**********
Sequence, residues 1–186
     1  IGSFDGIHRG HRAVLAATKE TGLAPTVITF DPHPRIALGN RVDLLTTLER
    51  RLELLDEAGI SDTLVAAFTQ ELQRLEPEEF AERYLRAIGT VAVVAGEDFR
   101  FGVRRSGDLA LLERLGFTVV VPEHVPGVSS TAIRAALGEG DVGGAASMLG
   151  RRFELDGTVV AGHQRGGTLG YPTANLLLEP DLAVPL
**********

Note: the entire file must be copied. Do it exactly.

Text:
Sequence, residues 1–186
     1  IGSFDGIHRG HRAVLAATKE TGLAPTVITF DPHPRIALGN RVDLLTTLER
    51  RLELLDEAGI SDTLVAAFTQ ELQRLEPEEF AERYLRAIGT VAVVAGEDFR
   101  FGVRRSGDLA LLERLGFTVV VPEHVPGVSS TAIRAALGEG DVGGAASMLG
   151  RRFELDGTVV AGHQRGGTLG YPTANLLLEP DLAVPL